“We have come to pay our respects to the new elemental queens,” Zed mimicked Elys' body language, suggesting he was trying to get her on side and making Mallos' theory that he was going to try and be a bad cop drop in likelihood. “It is unusual for four new elemental queens to ascend the throne within such a small time frame. The council wants to affirm our long-standing friendship.”

“If I understand the terms of our friendship correctly,” Elys was still smiling. “The four of us would have to call upon you, bekhen-shenu, and your nesut, to end it.”

Cards on the table. Now it was really time to play.

A slip of the tongue? It was unlikely to be a misunderstanding. Elys wasn't just a tribal queen, she was an elemental queen: she should know better than any nymph that Tsi wasn't a nesut, a king. Finally, Zed picked his strategy. His knee brushed against Mallos' under the table, signalling that he was going to 'fluff talk' – speak without saying much – in order to buy Mallos more time to observe and analyse everything that was going on. Fortunately, Mallos didn't need the time.

“Who is the fifth seat for?” He asked genially, completely throwing the elemental queens.

Now that Mallos was officially in play, the nymphs deployed their best card against him: Jahi, the Queen of the Fire. She leant forward in a noticeably seductive way, her fiery hair, which had a life of its own, curled around her breasts to emphasise them.

“I'm sure I don't understand what you mean?” Her smile was gradual, sensual; her lips the reddest he'd ever seen. “What fifth seat?”

Mallos leant back in his chair and folded his arms, playing his favourite role: the arrogant smart-arse who was bored by the proceedings around him. Hopefully Zed was prepared to play good cop, because Mallos was about to seriously test the bad cop water.

“Well, there are eight seats,” he replied with a little sigh, as though it was completely obvious. “Four of you, and you knew that there would be three of us, so you must have been expecting a fifth person your side. Five and three makes eight. Who's the fifth seat for, dama?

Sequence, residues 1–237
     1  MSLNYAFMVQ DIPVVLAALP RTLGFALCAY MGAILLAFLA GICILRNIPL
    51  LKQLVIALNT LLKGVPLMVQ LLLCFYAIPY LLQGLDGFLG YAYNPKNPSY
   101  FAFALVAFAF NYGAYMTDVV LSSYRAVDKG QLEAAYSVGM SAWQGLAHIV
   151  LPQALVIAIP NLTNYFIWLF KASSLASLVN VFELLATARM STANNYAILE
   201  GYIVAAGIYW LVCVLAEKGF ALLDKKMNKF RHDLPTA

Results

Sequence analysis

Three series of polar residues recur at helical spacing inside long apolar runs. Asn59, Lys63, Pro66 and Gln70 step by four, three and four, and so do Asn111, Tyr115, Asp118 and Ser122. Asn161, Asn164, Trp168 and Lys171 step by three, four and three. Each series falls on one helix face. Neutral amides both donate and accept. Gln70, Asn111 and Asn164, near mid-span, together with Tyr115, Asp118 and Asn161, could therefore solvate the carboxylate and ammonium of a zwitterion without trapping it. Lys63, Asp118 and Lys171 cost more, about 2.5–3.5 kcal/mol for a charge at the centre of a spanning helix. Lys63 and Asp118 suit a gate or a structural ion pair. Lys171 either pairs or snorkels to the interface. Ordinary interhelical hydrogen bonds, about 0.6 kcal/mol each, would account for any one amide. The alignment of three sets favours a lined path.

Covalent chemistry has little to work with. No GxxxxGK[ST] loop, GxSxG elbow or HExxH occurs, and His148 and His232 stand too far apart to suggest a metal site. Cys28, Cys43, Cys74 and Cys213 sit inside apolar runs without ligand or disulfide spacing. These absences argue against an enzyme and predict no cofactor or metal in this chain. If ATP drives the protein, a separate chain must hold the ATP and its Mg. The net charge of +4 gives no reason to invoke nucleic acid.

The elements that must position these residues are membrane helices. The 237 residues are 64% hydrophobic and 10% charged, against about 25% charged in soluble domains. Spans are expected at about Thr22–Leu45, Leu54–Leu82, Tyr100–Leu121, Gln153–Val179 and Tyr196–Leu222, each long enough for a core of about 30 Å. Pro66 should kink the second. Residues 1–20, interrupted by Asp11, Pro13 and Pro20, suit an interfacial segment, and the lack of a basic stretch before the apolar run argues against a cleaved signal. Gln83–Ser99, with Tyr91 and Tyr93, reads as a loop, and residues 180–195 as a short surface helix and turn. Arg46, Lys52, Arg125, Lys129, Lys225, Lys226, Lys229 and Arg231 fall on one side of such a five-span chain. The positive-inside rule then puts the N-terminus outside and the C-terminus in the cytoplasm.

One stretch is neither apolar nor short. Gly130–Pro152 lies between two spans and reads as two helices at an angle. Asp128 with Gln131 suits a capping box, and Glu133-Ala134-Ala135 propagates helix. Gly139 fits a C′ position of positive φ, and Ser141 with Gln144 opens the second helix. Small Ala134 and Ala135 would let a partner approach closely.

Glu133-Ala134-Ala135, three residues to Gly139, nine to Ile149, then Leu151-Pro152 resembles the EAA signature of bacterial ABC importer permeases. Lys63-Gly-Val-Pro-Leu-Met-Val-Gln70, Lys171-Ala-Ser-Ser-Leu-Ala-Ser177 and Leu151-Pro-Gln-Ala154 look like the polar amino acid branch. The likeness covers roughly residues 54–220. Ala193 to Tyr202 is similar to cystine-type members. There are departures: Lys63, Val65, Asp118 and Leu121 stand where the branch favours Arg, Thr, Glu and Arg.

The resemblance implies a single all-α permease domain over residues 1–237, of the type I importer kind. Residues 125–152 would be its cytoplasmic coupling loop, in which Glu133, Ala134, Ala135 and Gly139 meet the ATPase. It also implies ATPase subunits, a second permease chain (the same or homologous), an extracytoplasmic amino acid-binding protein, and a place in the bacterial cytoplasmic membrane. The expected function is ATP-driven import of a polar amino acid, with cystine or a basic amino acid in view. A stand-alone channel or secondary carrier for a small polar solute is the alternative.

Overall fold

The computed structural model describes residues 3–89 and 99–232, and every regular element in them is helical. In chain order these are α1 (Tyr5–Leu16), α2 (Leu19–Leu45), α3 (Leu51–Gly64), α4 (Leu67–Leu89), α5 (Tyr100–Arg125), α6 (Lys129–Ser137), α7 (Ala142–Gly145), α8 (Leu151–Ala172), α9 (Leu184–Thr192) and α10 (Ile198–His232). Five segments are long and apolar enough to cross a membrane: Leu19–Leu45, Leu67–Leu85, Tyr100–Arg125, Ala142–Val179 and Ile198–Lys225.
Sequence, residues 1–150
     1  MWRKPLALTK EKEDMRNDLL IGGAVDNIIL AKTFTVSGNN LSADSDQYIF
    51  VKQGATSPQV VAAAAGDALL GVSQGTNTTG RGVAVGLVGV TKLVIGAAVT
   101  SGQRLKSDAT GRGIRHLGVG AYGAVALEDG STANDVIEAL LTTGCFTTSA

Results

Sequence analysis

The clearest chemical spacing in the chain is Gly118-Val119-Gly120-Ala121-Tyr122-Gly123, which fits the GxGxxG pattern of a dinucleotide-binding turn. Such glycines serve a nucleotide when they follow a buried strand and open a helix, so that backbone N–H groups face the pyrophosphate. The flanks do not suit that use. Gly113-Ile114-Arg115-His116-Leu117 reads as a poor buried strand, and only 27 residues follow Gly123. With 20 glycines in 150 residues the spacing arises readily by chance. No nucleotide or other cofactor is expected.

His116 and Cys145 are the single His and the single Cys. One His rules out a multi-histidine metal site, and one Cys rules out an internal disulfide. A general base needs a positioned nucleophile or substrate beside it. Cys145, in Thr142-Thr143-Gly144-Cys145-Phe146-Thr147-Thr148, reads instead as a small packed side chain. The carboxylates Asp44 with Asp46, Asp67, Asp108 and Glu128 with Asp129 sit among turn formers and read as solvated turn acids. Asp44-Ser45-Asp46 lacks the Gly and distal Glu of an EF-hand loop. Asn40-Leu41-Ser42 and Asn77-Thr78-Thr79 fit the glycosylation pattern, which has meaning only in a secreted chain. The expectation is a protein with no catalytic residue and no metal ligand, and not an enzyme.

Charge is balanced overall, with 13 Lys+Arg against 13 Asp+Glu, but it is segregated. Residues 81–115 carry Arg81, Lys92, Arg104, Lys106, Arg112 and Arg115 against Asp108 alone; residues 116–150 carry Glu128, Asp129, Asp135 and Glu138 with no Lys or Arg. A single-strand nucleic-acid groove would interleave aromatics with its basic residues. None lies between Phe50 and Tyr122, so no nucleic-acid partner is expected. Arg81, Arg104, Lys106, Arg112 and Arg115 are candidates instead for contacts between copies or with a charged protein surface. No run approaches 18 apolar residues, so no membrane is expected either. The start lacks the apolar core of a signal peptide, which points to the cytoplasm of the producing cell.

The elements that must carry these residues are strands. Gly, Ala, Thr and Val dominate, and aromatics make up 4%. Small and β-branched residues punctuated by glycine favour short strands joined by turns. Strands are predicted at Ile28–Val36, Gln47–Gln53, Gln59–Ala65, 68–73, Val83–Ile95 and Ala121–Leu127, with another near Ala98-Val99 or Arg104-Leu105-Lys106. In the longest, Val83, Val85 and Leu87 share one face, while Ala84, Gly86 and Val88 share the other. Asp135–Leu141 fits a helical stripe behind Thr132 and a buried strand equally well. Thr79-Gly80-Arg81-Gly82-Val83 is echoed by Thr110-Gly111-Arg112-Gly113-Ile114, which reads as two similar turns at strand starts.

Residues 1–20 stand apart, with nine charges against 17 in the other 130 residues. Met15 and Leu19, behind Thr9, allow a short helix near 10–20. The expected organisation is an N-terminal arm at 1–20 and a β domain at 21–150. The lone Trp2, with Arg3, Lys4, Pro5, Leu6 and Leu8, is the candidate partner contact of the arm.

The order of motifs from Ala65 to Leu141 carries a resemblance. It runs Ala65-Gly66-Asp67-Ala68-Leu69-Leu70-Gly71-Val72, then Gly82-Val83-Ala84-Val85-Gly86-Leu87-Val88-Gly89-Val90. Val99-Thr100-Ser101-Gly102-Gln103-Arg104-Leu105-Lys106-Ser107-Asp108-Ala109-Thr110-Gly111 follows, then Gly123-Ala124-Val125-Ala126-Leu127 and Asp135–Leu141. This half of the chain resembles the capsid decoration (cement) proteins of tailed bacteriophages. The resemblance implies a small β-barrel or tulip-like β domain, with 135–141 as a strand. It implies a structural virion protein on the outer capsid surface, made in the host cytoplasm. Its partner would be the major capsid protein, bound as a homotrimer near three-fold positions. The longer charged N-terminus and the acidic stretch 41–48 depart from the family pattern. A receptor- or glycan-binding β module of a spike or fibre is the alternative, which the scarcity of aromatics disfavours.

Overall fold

That made them pause. Coya gave a very small smile for the first time.

“But of course you'll know, ra ankh, that the solar nymphs are not represented in the elemental court,” her coral-red eyes twinkled warmly. “To honour them we always reserve a seat for the Queen of the Sun, but she rarely graces us with her presence.”

“Her Majesty, the Queen of the Sun was informed of our coming, then?” Mallos raised an eyebrow sceptically. “And how was it that you were aware of our arrival before we were?”

A longer pause.

“Well, naturally,” Anai began, “we did not have time to send word to the Sun - ”

¡Ay de mí!” Mallos rose rapidly from his chair and raised his hands, appropriately snatching the attention of everyone present. He paused for dramatic effect, before turning away from the group with a melodramatic, “Zed, I cannot – I cannot - ” and finishing up by lamenting for a while in Spanish. None of the nymphs would know a word of Spanish, so he could display distress without them being able to document anything he said to use against him later. Zed couldn't understand Spanish either without divinity, but hopefully he was intelligent enough to piece together Mallos' plan.

“Grave apologies, Majesties,” Zed stated in his calming voice. “My colleague finds it difficult to envisage an affirming of our friendship without a representative of his people present. I understand,” he added apologetically to Jahi, “that the fire nymphs do not speak on behalf of the solar nymphs?”

His people?” Elys' voice was a hiss of discontent. “Mallos is a god of fairies, not nymphs!”


It was a better slip-up than he could have hoped for. Not only did the Queen of the Earth plainly lay her agenda out for all to see, she accidentally referred to Mallos by his name – a culturally damnable offence. Mallos reacted instantly with another loud cry of “¡ay de mí!” and exited the court before anyone else had a chance to respond, leaving Zed to pick up the pieces.

    • part four. -
    • part five. -
    • part six. -
    • part seven. -
    • part eight. -